If Sean Spicer, President Trump’s biggest-ever-inauguration-crowd press secretary, has even half the wit of one of those clever gamblers who will make a profit at Cheltenham he is a wiser man today than he was when he joined the alternative-facts presidency. His capacity to tell porkie after porkie did not earn any loyalty and today, not yet halfway through the Trump imperium, Mr Spicer is, like Bertie Ahern, a public speaker for hire. His credibility is no longer relevant.
He was not the first, nor the last, government cheerleader to gild the lily. As the advice offered by the Blair government aide Jo Moore hours after the 9/11 attack that it was a “good day to bury bad news” shows, opportunism and cynicism can, in that business, combine to push the edges of honesty. As a slight twist in one of Shakespeare’s wise invocations shows: “The evil that press secretaries do lives after them; the good is oft interred with their bones.”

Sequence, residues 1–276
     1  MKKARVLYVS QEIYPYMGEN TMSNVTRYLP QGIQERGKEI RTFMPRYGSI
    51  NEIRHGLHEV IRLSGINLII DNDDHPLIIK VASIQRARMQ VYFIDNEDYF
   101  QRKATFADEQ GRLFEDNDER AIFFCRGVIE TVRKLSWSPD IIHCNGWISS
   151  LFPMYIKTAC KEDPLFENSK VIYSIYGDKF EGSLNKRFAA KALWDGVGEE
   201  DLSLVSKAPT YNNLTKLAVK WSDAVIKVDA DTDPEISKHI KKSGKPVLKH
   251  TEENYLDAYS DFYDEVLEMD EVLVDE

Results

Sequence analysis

Taoiseach Leo Varadkar has needlessly squandered
political capital by not better managing the strategic communications unit. That his party predecessor Alan Dukes, a man with his own story to tell about mismanaged good intentions, added to the kerfuffle by suggesting he close his Twitter account will hardly improve his mood.
As ever, honesty is the best policy and if Mr Varadkar should meet Mr Spicer in America this week that may be his rueful advice. Mr Varadkar should take it.